Amazon One Elevates Palm Reading With Privacy-Centric Biometric Authentication And Payment System

Amazon One
Amazon is currently training a bunch of psychics, who will then license their talents to businesses across the US to read people's palms to determine their future, specifically to see if they pose a security threat. Just kidding! There will be no psychic readings, but the retail giant is rolling out Amazon One, which is basically a palm reader. Palm as in your hand, and not the defunct PDA maker, by the way.

In case you are wondering, no, Amazon's palm reader will not tell you if you are going to be lucky in love and fortune, or anything of the sort. Rather, Amazon One is a biometric security solution, enabling a "fast, convenient, contactless way for people to use their palm to make everyday activities like paying at store" an effortless endeavor. And there are use cases beyond retail shopping.

Amazon envisions its palm reader being used for things like presenting a loyalty card (rather than punching in your phone number on a keypad or swiping a card when you shop), entering a place like a stadium, or authenticating yourself when you enter and clock into the workplace, where something like that might be applicable.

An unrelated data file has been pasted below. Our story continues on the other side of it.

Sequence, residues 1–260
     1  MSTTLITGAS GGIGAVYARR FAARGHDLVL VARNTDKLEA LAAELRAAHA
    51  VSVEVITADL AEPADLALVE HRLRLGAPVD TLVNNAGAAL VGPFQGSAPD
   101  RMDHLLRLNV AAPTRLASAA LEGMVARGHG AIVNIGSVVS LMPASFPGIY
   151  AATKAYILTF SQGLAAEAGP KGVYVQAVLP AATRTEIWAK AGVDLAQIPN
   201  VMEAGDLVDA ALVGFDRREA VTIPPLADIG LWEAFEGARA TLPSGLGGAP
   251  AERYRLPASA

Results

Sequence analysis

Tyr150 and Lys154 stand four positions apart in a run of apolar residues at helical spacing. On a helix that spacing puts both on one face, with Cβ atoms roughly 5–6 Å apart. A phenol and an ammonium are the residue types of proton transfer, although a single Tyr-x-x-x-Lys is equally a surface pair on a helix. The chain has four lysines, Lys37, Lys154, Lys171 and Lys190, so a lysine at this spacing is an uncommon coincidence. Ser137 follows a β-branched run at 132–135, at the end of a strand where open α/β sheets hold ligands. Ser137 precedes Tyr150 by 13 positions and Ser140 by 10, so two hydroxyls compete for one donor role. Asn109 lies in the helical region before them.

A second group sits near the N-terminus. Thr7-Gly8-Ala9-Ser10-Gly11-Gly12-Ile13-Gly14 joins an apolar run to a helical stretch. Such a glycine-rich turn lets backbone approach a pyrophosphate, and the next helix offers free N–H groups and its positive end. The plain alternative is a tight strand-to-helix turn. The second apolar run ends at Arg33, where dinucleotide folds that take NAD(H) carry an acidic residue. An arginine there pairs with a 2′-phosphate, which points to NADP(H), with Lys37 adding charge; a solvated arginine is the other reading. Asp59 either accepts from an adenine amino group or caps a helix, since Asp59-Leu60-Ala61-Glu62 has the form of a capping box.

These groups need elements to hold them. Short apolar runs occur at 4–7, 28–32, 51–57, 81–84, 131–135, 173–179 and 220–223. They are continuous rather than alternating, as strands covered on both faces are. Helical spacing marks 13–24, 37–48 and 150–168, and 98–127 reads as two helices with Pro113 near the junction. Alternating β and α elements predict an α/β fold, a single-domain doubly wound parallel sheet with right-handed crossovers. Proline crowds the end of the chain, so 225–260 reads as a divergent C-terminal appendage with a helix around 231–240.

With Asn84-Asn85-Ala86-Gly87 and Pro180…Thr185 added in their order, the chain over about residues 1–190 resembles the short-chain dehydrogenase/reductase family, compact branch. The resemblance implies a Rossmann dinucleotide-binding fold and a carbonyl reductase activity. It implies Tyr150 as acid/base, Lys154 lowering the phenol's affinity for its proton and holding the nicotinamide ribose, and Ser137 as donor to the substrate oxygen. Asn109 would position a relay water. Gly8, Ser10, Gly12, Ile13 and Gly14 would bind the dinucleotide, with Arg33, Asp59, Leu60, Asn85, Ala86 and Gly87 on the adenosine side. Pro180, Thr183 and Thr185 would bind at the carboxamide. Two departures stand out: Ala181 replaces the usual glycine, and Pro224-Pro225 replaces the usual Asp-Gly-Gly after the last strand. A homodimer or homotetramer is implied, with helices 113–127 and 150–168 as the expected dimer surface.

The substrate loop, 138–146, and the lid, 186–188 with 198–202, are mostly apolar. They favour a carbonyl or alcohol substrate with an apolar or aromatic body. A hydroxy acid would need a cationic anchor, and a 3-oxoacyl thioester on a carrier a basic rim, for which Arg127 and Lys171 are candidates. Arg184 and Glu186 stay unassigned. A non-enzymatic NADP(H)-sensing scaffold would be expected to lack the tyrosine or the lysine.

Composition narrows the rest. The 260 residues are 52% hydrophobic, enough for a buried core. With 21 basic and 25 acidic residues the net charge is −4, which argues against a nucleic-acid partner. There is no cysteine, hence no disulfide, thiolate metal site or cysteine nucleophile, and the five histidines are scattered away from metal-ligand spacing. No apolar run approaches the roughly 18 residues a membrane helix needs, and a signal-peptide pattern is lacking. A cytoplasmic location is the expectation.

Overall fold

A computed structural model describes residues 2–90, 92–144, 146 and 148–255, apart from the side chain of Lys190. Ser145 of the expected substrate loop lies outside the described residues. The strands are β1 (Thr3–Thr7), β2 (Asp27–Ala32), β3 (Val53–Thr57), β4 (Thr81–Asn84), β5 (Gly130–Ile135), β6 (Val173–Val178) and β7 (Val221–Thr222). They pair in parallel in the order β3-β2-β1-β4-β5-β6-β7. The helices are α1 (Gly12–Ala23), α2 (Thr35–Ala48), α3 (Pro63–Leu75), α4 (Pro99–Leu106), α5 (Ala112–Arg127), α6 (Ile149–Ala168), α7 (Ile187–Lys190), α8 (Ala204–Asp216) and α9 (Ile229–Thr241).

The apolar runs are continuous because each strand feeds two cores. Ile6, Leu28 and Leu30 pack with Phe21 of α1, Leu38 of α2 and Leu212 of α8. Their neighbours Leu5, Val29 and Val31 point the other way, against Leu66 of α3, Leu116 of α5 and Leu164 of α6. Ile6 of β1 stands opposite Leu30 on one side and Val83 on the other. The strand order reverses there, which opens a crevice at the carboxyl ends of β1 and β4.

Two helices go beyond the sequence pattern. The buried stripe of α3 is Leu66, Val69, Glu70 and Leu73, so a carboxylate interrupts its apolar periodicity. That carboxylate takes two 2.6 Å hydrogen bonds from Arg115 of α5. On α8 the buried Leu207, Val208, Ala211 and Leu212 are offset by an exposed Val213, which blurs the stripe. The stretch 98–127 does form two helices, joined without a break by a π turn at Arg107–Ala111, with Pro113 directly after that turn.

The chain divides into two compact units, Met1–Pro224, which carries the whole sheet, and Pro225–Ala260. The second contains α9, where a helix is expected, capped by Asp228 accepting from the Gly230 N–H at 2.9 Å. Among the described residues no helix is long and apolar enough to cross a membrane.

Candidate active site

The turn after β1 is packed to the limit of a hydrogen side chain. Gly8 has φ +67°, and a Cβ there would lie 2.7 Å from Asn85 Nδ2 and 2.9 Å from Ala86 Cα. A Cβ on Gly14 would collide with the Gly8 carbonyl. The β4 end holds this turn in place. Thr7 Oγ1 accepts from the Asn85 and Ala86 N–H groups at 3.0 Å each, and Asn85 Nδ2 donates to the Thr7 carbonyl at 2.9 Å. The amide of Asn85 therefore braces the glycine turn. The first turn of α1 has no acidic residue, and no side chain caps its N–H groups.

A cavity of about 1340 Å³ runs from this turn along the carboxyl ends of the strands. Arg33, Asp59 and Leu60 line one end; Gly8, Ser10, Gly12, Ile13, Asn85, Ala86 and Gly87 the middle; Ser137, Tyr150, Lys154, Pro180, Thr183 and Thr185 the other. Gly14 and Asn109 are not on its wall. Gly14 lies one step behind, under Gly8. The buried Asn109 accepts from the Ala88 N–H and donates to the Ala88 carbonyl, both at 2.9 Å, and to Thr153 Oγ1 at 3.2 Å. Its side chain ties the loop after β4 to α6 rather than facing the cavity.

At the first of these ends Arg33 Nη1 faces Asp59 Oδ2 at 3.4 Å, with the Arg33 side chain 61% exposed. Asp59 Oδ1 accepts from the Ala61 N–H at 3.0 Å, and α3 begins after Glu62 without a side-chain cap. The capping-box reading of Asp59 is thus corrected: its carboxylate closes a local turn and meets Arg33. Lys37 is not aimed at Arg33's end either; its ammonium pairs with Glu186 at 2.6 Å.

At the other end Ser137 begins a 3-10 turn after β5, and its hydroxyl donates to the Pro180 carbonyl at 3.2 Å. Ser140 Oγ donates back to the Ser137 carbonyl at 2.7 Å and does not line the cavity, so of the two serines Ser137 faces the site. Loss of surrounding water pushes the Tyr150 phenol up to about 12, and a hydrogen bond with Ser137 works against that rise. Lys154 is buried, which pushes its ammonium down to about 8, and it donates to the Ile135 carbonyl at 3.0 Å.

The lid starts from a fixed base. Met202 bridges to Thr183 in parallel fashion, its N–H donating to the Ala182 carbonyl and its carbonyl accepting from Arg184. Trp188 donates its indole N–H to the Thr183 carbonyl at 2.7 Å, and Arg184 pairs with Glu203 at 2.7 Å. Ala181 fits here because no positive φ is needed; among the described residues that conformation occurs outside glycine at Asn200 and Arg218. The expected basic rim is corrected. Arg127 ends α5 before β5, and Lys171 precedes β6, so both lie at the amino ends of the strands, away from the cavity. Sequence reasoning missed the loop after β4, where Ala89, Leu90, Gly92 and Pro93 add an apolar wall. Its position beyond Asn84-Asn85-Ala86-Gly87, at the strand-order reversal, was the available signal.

The palm reading party is underway at two cashier-less Amazon Go stores in Seattle, including its original location at 7th and Blanchard, and its store in South Lake Union at 300 Boren Ave North. According to Amazon, it takes less than a minute to sign up at those stores to use Amazon One. The process is simple—it involves inserting your credit card, then hovering your palm over the reader and following the prompts so it can build a palm signature. Users are able to enroll one or both palms.

Why palm recognition, though?

"One reason was that palm recognition is considered more private than some biometric alternatives because you can’t determine a person’s identity by looking at an image of their palm. It also requires someone to make an intentional gesture by holding their palm over the device to use. And it’s contactless, which we think customers will appreciate, especially in current times," Amazon explains.

Indeed, this has been a trying year with COVID-19. Social distancing, hand sanitizer, and masks are commonplace in an attempt to slow the spread of the Coronavirus while researchers continue to work on a vaccine.

Amazon ensures that its palm reading platform is "highly secure" with multiple security protocols in place. In addition, palm images are not stored on the individual readers, but get encrypted and whisked off to a "highly secure area" that Amazon custom-built in the cloud, where the palm signatures are actually created.

What do you think about palm recognition, is this something you would be willing to use? Let us know in the comments section below.